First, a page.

A Level Econs Model Essay: Macroeconomic Aims, Issues And Policies

March6, 2018
by admin

Examine the impact of a weakening currency on a country’s economic performance.

  • For greater relevance, the response to this answer considered recent economic conditions (i.e. from 2008-2012). We continue to discuss the case of a weakening exchange rate, although we argue towards the end of the essay that the Sing dollar had in fact been gaining strength in recent times. Recent macroeconomic problems may or may not be attributed to changes in the value of the exchange rate.

In recent years, Singapore had to tackle the twin threats of inflation and a global economic slowdown. The root causes of such problems are largely external in nature and cannot be attributed to a weakening of the Sing dollar. However, a weakening of the Sing dollar to boost economic growth may aggravate imported inflation in the country. Furthermore, recent quantitative easing efforts in US have led to pressure on the Sing dollar to appreciate, which may create other macroeconomic problems as well.

Due to the lingering effects of the US financial crisis and the onset of the Eurozone debt crisis, global incomes have been falling. This has resulted in falling purchasing power which triggers a fall in demand for Singapore exports, assuming that the country exports normal goods. The fall in net exports (X-M) from Singapore’s perspective leads to a fall in aggregate demand (AD) and a multiplied fall in national income through the reverse multiplier process. The fall in AD is aggravated by a fall in foreign direct investments since Western investors may need to preserve capital to tackle financial problems in their home countries.

As shown in Fig.1 below, a fall in AD from AD1 to AD2 leads to a multiplied fall in real GDP from Y1 to Y2. Given that demand for labour is derived from the demand for goods and services which the hired labour is used to produce, the decrease in actual growth also leads to a rise in cyclical unemployment (demand-deficient unemployment). In addition, potential growth may slow down with lower levels of FDI entering the country.

Fig.1: Impact of a fall in (X-M) and FDI

Notwithstanding the small size of Singapore’s multiplier, the fall in external demand is likely to hit Singapore especially hard, given that domestic demand is small and the country is largely reliant on exports for growth. In addition, Singapore’s balance of payments (BOP) will be adversely affected by the global slowdown. The BOP refers to the record of transactions between a country and the rest of the world over a period of time, and consists mainly of the current account and the capital account. A fall in net exports leads to a deterioration in the current account while a slowdown in FDI worsens the capital account.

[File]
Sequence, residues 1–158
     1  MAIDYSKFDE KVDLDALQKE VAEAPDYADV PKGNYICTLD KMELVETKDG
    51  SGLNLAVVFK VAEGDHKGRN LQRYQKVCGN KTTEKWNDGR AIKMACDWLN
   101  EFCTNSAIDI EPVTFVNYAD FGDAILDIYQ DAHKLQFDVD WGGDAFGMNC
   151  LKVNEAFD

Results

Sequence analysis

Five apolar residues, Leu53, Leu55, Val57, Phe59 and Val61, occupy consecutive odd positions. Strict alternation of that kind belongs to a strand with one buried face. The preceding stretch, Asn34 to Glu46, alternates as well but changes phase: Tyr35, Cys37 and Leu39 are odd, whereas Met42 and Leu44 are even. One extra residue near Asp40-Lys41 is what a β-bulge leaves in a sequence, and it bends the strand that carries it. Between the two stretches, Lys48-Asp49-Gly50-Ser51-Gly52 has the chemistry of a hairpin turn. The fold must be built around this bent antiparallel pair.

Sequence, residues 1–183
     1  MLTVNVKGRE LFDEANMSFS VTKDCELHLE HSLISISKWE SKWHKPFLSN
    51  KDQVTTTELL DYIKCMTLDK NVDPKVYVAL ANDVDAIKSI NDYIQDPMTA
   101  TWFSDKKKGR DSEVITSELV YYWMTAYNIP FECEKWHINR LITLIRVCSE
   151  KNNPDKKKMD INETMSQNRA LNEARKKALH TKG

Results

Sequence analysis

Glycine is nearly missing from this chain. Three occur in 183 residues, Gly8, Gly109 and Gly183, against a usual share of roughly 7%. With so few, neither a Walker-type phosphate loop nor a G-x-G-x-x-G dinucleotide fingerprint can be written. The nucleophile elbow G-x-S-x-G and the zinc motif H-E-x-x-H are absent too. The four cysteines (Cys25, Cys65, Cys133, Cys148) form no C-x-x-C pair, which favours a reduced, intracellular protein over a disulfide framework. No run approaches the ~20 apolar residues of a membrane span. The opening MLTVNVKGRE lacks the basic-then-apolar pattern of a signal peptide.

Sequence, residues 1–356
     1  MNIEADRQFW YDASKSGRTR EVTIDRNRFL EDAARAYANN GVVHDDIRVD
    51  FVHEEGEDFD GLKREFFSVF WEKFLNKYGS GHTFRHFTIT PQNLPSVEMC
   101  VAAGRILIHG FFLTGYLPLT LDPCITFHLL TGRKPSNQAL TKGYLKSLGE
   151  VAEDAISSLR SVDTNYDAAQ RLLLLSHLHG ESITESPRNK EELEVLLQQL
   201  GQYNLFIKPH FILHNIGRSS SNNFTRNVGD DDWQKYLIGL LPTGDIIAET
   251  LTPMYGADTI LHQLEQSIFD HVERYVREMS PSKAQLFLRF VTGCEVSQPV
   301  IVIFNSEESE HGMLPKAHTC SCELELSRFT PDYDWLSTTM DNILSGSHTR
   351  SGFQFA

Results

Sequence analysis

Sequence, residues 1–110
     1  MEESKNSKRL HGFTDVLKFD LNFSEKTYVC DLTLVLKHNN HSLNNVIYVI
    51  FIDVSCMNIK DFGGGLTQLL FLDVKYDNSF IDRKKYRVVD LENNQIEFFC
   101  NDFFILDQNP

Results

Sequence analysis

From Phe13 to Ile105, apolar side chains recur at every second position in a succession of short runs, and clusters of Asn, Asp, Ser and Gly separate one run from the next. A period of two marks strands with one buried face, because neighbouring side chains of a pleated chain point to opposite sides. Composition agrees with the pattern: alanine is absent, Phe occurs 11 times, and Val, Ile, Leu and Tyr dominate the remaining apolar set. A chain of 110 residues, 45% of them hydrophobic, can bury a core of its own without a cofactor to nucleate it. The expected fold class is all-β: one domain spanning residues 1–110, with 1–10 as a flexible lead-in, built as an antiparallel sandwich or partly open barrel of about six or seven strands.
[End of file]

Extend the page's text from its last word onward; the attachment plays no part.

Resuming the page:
While the above macroeconomic problems are due to external circumstances and are not triggered by exchange rate changes, a weakening of the exchange rate can in fact alleviate these macroeconomic problems. While Singapore generally focuses on maintaining a strong currency to mitigate imported inflation, during times of severe recessions, the central bank may maintain a zero-appreciation stance or depreciate the exchange rate slightly to boost net exports. For example, in the wake of the US financial crisis in early 2009, the MAS allowed a depreciation of the currency by about 2% in order to prop up external demand. By depreciating Singapore’s exchange rate, the price of Singapore’s exports in foreign currency will be relatively cheaper while the price of imports will be relatively higher in domestic currency. Assuming Marshall Lerner’s condition holds, where |PEDX+PEDM|>1, net exports (X-M) rises. This results in a significant increase in AD which results in an improvement in actual growth and a reduction in cyclical unemployment.

Fig.2: Depreciation of exchange rate to stimulate AD

As shown in Fig.2, an increase in net exports will lead to an increase in AD from AD1 to AD2. There is also a multiplied increase in national income from Y1 to Y2, signifying actual growth. Given that demand for labour is derived from the demand for goods and services which the hired labour is used to produce, the increase in real output within the economy also leads to a fall in cyclical unemployment. In addition, the BOP position will also improve (through the current account) with a rise in net exports.